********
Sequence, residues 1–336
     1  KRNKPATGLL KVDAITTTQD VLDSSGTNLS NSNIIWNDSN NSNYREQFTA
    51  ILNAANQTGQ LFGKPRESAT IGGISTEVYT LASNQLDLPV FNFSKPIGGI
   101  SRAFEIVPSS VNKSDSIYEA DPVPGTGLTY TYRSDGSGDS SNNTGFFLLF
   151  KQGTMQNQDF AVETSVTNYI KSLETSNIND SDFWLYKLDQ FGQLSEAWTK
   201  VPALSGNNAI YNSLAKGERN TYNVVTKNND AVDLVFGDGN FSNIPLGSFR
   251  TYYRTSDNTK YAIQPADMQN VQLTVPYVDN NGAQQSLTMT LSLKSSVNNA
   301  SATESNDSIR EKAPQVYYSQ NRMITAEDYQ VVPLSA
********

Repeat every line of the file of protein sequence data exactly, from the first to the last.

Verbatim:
Sequence, residues 1–336
     1  KRNKPATGLL KVDAITTTQD VLDSSGTNLS NSNIIWNDSN NSNYREQFTA
    51  ILNAANQTGQ LFGKPRESAT IGGISTEVYT LASNQLDLPV FNFSKPIGGI
   101  SRAFEIVPSS VNKSDSIYEA DPVPGTGLTY TYRSDGSGDS SNNTGFFLLF
   151  KQGTMQNQDF AVETSVTNYI KSLETSNIND SDFWLYKLDQ FGQLSEAWTK
   201  VPALSGNNAI YNSLAKGERN TYNVVTKNND AVDLVFGDGN FSNIPLGSFR
   251  TYYRTSDNTK YAIQPADMQN VQLTVPYVDN NGAQQSLTMT LSLKSSVNNA
   301  SATESNDSIR EKAPQVYYSQ NRMITAEDYQ VVPLSA